When it comes to acquiring and retaining donors, it’s somewhat surprising that so many nonprofits seem to disregard younger audiences. Many times, organizations cling to the perception that because these individuals are younger and have less money, their contributions aren’t worth the time and investment. But for those organizations who have taken the time to invest in this Millennial generation, the rewards are often quite impressive.
Andrew Desmond, on November 16, 2015
A major gift calculator, often called a gift chart, helps organizations plan for their next fundraising campaign or event. When designed and used correctly, the gift calculator will tell you how many prospects you need at every giving level to reach your overall fundraising goal.
Elicia Tedrow, on May 27, 2015
Retaining dedicated supporters is essential to sustain and grow nonprofit organizations.
However, keeping donors after their first-time donations is a challenge that many organizations face. Some charities are looking to monthly giving programs to help with their donor retention.
Elicia Tedrow, on February 9, 2015
The call-to-action is one of the most important parts of any digital fundraising campaign. The overall goal of any nonprofit fundraising campaign is to get visitors to take action. In order to do that, you need to encourage and direct them to take action━this is where the call-to-action comes in.
Jennifer Gmerek, on November 18, 2014
If integrated into your campaign properly, video can be an invaluable resource. It can add powerful visuals, a fresh perspective on storytelling, and a new platform for deepening donor engagement.
Year-end campaign videos, in particular, are a great way to exercise your creative muscles, test your limits, and get in the holiday spirit!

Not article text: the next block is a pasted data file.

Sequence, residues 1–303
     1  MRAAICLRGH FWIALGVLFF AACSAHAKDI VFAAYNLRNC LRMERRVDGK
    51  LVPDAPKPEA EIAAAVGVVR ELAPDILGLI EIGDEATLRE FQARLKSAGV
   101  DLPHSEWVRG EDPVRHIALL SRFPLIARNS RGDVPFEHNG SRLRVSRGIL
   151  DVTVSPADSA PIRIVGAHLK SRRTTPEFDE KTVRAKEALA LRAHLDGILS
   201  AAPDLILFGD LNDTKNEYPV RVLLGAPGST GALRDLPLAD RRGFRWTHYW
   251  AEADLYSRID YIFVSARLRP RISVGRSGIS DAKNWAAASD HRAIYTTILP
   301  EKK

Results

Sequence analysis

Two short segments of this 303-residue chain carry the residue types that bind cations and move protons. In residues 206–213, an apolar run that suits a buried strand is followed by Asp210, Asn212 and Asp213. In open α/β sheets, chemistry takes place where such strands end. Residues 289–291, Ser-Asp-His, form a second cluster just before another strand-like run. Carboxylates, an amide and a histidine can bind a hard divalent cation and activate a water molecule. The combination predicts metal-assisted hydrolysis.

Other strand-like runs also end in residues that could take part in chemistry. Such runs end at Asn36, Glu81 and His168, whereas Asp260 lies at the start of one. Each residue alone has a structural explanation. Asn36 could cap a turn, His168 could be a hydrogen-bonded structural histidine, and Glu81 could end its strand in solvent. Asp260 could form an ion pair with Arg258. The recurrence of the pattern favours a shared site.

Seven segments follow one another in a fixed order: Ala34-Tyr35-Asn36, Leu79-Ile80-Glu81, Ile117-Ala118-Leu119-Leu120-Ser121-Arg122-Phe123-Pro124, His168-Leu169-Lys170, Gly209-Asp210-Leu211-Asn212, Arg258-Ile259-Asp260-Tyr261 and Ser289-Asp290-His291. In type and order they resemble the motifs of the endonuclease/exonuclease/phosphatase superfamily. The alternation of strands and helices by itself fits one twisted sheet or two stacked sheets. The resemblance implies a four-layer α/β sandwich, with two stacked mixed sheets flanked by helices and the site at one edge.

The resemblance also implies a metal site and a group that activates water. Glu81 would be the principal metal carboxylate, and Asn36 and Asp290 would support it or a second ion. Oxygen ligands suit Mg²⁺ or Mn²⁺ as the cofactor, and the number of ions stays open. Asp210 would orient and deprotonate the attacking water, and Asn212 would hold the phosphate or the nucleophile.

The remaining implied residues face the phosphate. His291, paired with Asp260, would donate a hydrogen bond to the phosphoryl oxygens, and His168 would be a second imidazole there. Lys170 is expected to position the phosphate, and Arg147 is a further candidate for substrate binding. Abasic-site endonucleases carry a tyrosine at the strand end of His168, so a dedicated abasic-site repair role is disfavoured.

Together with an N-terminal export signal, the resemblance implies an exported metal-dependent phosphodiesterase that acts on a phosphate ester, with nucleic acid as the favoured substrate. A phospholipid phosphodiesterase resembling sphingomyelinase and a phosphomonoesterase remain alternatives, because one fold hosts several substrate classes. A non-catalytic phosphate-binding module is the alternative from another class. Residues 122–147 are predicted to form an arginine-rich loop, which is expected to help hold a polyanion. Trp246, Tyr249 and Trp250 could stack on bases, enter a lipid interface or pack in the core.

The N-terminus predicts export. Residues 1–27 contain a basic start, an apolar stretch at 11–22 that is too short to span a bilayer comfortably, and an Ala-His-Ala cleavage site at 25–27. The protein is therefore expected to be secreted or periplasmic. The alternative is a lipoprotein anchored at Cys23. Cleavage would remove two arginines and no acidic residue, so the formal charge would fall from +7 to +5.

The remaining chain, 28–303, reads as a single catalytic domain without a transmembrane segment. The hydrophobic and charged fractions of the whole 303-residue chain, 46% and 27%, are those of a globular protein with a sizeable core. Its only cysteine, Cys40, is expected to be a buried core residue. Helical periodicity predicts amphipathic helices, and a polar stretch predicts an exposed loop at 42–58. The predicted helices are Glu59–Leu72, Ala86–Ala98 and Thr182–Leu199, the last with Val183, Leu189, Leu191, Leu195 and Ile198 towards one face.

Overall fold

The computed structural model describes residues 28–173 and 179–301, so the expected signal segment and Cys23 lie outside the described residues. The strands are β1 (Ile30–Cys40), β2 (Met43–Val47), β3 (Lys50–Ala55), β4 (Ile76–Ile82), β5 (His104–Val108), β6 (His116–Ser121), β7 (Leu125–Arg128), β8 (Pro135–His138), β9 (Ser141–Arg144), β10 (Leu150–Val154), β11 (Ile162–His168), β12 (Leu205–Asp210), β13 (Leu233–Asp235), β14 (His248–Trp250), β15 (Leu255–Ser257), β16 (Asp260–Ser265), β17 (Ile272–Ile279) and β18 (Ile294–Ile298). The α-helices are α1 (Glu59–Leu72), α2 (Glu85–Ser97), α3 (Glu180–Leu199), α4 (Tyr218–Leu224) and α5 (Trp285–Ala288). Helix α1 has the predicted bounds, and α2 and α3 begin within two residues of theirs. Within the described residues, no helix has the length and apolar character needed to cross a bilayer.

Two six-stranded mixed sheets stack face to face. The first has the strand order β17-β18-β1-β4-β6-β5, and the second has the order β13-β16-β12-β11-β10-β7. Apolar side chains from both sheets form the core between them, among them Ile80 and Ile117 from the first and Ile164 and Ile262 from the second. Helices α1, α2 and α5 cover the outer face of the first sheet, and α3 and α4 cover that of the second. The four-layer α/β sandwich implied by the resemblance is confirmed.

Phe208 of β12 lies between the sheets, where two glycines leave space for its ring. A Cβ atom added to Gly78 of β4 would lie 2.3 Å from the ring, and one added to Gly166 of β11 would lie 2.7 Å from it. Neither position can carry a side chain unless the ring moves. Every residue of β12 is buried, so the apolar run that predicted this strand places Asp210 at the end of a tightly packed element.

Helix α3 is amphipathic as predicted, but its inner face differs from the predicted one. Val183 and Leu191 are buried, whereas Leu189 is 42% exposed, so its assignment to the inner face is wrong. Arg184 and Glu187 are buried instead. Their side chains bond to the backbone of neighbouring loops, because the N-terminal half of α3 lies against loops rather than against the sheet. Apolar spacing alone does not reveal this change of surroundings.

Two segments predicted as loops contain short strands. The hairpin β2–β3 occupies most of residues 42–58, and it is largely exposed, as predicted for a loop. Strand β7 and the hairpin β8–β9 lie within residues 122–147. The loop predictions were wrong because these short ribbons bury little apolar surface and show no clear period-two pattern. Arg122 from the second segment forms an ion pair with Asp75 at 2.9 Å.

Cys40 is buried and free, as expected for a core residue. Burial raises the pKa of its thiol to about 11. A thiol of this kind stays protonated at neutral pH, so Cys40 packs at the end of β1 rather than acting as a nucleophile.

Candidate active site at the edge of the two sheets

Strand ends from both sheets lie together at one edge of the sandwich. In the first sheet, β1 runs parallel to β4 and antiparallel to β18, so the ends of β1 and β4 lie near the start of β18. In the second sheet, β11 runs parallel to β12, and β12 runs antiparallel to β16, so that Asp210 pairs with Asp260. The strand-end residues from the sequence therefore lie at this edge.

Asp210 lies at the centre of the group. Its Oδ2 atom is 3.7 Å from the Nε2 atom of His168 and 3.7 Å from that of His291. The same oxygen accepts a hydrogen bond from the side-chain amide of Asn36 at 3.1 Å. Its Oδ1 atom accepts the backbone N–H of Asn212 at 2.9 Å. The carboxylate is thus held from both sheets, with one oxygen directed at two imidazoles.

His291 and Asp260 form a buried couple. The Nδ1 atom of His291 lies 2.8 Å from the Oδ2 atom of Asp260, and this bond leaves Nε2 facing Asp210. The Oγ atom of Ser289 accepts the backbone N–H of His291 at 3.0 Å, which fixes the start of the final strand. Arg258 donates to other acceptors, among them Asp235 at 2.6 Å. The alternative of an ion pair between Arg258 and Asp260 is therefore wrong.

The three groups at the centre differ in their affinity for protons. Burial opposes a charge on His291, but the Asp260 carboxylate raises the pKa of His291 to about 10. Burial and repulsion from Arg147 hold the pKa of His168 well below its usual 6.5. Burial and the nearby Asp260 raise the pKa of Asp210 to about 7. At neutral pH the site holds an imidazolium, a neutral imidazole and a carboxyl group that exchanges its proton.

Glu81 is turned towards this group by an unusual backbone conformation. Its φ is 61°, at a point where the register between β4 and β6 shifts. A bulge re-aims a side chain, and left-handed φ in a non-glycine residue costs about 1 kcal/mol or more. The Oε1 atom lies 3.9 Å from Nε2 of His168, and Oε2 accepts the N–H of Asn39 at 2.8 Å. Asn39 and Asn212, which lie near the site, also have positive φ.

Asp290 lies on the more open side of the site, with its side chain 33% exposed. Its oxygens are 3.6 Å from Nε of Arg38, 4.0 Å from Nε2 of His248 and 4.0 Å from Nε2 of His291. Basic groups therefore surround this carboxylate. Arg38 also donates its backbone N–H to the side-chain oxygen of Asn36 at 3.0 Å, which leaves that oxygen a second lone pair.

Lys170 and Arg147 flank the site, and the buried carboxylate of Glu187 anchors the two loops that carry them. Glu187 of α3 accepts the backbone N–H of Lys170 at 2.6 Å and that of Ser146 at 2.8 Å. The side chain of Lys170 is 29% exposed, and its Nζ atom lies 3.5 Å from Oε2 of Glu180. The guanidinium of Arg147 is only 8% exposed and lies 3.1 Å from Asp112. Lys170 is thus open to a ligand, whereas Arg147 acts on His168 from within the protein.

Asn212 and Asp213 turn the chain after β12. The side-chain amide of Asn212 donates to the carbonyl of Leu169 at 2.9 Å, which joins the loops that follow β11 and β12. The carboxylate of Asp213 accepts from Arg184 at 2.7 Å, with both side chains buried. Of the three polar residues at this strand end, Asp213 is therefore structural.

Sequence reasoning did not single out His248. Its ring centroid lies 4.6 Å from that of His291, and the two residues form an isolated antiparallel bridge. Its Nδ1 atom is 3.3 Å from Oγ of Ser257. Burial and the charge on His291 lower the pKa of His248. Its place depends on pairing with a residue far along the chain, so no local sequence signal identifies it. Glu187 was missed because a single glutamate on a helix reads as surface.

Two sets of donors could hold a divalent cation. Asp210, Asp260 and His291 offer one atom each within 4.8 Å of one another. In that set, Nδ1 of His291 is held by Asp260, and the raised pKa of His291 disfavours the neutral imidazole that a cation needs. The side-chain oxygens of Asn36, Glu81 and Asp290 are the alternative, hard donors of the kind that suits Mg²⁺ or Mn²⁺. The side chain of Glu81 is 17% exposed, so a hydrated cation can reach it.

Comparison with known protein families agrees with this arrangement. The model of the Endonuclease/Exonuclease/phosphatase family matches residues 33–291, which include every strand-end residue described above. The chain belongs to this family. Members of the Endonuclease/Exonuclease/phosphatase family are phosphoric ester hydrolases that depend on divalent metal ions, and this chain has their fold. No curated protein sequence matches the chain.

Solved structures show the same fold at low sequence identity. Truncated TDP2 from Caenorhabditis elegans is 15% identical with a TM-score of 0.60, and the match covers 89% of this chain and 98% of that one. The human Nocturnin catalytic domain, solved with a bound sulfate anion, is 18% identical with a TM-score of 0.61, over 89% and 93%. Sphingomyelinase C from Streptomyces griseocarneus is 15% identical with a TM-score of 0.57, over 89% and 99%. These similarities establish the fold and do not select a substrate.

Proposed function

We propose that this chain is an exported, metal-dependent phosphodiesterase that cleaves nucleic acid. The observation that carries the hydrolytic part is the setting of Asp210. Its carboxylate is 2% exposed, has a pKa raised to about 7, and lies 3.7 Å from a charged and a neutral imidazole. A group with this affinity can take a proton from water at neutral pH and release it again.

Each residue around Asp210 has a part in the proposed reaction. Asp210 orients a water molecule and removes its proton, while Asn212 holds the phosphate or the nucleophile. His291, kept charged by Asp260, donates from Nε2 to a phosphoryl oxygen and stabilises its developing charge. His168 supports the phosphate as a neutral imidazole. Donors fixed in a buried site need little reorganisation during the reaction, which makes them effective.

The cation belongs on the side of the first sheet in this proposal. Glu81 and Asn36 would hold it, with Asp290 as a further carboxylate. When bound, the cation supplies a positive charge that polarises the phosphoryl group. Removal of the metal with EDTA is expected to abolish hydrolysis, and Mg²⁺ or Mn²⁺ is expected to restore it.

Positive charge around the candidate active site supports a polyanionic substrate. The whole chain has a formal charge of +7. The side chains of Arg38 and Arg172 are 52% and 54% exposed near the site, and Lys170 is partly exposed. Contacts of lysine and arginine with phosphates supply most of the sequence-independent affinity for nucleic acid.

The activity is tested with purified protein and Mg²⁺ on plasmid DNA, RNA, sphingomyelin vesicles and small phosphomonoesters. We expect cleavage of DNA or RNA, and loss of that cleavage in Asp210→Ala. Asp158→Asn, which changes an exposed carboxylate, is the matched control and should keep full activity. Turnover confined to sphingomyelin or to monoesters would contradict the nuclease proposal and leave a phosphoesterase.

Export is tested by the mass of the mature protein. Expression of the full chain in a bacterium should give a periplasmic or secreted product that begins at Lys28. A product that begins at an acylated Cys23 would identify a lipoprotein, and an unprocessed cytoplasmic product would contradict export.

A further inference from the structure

So, it’s go-time on end-of-year fundraising planning. You and your colleagues have huddled. You’ve strategized. You figured out what you're going to highlight from this year. Your game plan is ready. And now, you sit down at your keyboard, look at your screen and oh. crap. what. do. I. say?
I hate to break it to you, but raising money for your nonprofit or cause is always going to be a challenge. However, creating the most successful - and most profitable - campaign doesn’t just come from delivering the right message to the right audience at the right time. Whether you're relying mainly on social media, email, your website or other means to get the word out, there's one more very important factor that must also be considered: what type of nonprofit fundraiser will you create?
Blake Groves, on April 30, 2014
When it comes to fundraising for your cause, a lot of emphasis is put on making connections with coveted major donors or corporate philanthropy partners for larger gifts.
However, there’s a hidden donor demographic among your community just waiting to be tapped into: mid-level donors.
Mid-level donors might represent a small percentage of your total donors, but they typically provide around 40-50% of your overall fundraising revenue. That’s a huge impact for a single donor segment!